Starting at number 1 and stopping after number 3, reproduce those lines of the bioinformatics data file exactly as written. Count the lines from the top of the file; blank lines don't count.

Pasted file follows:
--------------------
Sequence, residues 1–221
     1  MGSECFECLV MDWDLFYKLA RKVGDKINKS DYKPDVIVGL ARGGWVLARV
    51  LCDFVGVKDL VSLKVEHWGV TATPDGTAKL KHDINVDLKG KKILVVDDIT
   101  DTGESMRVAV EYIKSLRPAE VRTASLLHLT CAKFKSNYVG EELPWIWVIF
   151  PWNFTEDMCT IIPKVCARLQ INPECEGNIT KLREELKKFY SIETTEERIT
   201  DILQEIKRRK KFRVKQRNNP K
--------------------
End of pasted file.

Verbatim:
Sequence, residues 1–221
     1  MGSECFECLV MDWDLFYKLA RKVGDKINKS DYKPDVIVGL ARGGWVLARV
    51  LCDFVGVKDL VSLKVEHWGV TATPDGTAKL KHDINVDLKG KKILVVDDIT